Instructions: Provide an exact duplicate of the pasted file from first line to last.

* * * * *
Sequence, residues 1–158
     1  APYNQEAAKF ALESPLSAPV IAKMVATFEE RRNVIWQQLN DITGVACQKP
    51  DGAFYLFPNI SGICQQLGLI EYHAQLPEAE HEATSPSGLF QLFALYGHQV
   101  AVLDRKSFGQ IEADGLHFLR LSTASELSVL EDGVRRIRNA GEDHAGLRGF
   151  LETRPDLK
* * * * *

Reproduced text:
Sequence, residues 1–158
     1  APYNQEAAKF ALESPLSAPV IAKMVATFEE RRNVIWQQLN DITGVACQKP
    51  DGAFYLFPNI SGICQQLGLI EYHAQLPEAE HEATSPSGLF QLFALYGHQV
   101  AVLDRKSFGQ IEADGLHFLR LSTASELSVL EDGVRRIRNA GEDHAGLRGF
   151  LETRPDLK